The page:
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Billboards featuring nursing and nurses
 

Looking at Her

Houston physician's emergency center thinks nurses are super cute

Memorial Ermergency billboardJanuary 23, 2016 - Recently the Memorial Heights Emergency Center has placed at least one billboard ad in the Houston area that asks whether patients would rather be "looking at" a clock, or instead "at her," with the "her" in question being an attractive young female "nurse" with a very big smile. Of course, the point is partly that this freestanding emergency department has shorter wait times. But the ad text and imagery also suggest that nurses are female objects to be ogled, rather than clinical professionals. If the Memorial Heights Emergency Center simply wanted to compare waiting a long time to getting health care, then the text should have been something like "looking at [a clock] or being seen by her," and the image should have shown the nurse as a serious professional, not a beaming model. We even created below a version of the billboard for them that would not cause us to object. Updated Memorial Heights billboardGranted, the "nurse" is holding a stethoscope--although not like she's ever actually used it--and the image is not particular sexual. But the ad still reinforces the enduring naughty nurse stereotype, which suggests that nurses are low-skilled helpers whose real purpose is to offer sex or romance to patients or physicians. We note that the Emergency Center is owned by physician Akash Bhagat, who has also boasted of his business's refusal to employ nurse practitioners because they are trained "differently". We urge the Memorial Heights Emergency Center to remove all advertising like this and to make amends for telling the public that nurses are eye candy.

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Inmate or nurse?

Boys & Girls Club billboards spark debate in Cleveland

Inmate or NurseNovember 2014 -- Since at least September, The Boys & Girls Clubs of Cleveland have been running a billboard ad campaign featuring photos of a young African-American nursing student. In one version, she wears blue scrubs and the tag line is: "Inmate? Nurse? Your donation makes the difference." Another version of the ad offers a split photo. In the right half, the woman wears the same blue scrubs, but on the left, she wears an orange prison smock. The tag line: "Inmate, or nurse? You decide." Inmate or NurseThe idea is that viewers can, by supporting the Boys & Girls Clubs, help at-risk youth avoid trouble and ultimately find worthwhile careers. We know that because the Clubs' website makes clear that the ads feature Kinyatta, a real Cleveland youth who overcame a difficult background--with lots of support from the Clubs since early childhood--to become her high school salutatorian and enroll in the nursing program at Hiram College. Thus, it appears that the Clubs intend to present nursing as a career worthy of academically advanced students and a good indicator of a life transformed by effective social programs. However, some nurses have objected, arguing that the ads suggest nursing is one step up from prison, or perhaps that young people at immediate risk of prison--who presumably don't have a lot of good career options--could just become nurses as a last resort, since that work, in the minds of many, doesn't require much education or skill. And unfortunately, the view that nurses lack serious skills does remain widely held. Nursing has been suggested as a good career choice for those on public assistance, former prostitutes, and others deemed to have few options. So there is a risk that some who see the billboards will have the "last resort" interpretation, despite the Clubs' good intentions and the real backstory, which of course does not appear on the billboards. It appears that the Clubs removed at least some of the nurse billboards after pressure from outraged nurses, although we have been told that some of the billboards have recently reappeared. In any case, we and others have urged the Clubs to consider adding billboards with some other non-inmate success stories. Or, if they wish to keep the prison-or-health-care scrubs overlap, they might craft ads with other health professions, like physicians and pharmacists, that do not suffer from an unskilled stereotype. That would clarify that the ads' goal was not to suggest that nursing is one step removed from prison, but instead that it is a world away. more...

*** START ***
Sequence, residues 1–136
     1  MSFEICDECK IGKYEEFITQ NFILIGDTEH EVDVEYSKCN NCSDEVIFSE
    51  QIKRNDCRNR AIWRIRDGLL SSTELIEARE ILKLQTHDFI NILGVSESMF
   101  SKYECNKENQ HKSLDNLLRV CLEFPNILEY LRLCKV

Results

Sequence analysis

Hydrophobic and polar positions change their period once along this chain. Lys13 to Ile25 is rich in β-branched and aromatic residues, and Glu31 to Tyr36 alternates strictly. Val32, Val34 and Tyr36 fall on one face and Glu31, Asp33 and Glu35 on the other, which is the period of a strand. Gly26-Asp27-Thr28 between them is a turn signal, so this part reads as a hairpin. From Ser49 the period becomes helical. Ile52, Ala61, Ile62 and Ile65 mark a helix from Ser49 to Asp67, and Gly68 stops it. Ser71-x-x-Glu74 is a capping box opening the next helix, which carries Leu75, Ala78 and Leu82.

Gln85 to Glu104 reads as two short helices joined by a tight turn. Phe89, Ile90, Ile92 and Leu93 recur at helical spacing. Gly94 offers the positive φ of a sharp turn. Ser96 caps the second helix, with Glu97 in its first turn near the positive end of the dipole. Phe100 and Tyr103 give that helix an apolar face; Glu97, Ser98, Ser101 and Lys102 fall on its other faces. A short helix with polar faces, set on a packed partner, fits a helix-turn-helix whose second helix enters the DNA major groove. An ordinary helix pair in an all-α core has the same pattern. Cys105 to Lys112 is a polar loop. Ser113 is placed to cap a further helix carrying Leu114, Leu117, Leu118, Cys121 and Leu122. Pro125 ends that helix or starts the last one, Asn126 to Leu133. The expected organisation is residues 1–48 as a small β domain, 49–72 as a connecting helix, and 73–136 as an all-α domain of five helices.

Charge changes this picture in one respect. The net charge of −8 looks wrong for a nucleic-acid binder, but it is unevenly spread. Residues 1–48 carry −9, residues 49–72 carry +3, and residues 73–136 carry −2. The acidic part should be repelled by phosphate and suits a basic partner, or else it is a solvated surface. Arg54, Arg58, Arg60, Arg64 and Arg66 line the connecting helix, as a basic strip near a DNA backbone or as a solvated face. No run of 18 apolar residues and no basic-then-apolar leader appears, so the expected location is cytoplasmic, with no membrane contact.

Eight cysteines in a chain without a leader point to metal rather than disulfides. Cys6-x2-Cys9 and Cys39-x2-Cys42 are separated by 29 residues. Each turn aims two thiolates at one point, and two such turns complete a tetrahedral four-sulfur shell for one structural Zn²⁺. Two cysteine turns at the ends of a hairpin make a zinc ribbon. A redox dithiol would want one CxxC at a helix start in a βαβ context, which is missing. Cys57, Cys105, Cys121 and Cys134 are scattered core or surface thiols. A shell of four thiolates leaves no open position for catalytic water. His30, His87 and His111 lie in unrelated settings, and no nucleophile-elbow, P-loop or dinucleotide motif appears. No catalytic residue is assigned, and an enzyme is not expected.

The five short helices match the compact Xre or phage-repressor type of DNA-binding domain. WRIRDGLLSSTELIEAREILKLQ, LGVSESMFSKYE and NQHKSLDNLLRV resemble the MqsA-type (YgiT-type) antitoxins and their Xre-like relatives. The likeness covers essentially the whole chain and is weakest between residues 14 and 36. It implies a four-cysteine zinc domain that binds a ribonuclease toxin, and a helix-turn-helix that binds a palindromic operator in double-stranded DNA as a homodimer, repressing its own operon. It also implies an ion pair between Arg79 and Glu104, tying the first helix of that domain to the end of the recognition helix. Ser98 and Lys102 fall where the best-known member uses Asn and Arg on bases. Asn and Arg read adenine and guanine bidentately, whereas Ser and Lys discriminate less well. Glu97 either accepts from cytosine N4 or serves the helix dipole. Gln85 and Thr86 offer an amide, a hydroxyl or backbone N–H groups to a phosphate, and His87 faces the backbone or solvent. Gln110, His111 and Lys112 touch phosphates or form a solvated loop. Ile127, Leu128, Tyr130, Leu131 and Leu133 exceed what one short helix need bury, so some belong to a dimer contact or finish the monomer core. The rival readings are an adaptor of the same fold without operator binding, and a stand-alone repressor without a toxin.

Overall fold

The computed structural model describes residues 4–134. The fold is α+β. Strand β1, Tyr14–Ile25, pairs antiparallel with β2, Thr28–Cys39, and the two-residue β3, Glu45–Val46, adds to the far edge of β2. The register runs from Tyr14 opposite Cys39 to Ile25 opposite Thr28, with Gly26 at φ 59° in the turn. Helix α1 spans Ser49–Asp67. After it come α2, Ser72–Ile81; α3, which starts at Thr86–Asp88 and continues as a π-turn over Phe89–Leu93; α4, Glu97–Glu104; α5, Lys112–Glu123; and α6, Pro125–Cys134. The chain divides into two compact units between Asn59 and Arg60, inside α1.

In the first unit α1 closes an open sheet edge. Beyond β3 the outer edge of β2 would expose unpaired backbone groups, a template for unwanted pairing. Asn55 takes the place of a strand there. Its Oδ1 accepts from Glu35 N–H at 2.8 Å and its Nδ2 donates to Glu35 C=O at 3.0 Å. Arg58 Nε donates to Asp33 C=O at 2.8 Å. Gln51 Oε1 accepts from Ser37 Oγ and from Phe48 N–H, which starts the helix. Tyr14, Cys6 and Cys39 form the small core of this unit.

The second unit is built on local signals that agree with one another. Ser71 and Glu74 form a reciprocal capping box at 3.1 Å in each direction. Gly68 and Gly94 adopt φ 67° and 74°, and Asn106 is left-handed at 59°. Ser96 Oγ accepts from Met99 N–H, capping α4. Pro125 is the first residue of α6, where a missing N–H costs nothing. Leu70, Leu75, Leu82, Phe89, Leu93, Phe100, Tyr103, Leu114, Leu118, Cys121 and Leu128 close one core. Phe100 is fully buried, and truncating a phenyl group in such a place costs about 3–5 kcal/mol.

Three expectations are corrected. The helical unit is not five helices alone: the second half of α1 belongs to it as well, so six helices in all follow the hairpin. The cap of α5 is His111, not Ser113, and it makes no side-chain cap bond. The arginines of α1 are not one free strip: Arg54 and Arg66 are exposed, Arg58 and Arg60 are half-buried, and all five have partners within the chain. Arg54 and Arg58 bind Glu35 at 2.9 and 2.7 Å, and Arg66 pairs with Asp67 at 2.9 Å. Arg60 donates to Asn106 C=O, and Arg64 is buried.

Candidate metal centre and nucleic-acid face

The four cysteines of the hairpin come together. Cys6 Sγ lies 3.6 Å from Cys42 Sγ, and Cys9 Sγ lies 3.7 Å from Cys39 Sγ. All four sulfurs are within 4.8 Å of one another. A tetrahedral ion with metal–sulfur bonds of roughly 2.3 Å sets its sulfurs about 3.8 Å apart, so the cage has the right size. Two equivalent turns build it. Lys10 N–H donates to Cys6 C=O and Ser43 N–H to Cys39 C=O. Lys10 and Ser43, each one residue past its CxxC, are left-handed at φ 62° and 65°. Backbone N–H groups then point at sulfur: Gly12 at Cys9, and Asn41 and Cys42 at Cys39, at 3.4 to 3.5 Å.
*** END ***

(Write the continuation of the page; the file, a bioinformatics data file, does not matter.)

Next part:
Shock jocks, billboards, porn stars, and nurses

October 26, 2004 -- Popular syndicated radio shock jock Mancow Muller is currently appearing on Chicago area billboards in satirical photos mimicking rock ...

 

Massage Parlor Pulls Down Naughty Nurse Billboards

October 10, 2004 -- In response to a single phone call from the Center, a Dallas massage parlor that had displayed two seductive nurse billboards on a popular freeway agreed to remove them. We applaud the Swedish Institute for Physical Health for its rapid response in removing the damaging nursing images (too fast for us to even snap a photo!) and for working with us to help improve nursing's image. more...

 

Leading hospital trumpets Magnet status

February 2004 -- Johns Hopkins Hospital has placed an advertisement on at least one large billboard on I-83, a major highway entering Baltimore, congratulating its nursing staff on their achievement of Magnet hospital status. On its face the billboard simply commends the nursing staff, and it may be intended primarily to reinforce staff morale. It could also be seen as a way of recruiting new nurses to the hospital, or even marketing the hospital to potential patients, though it's not clear how aware the public is of what Magnet status means. more...

 

 

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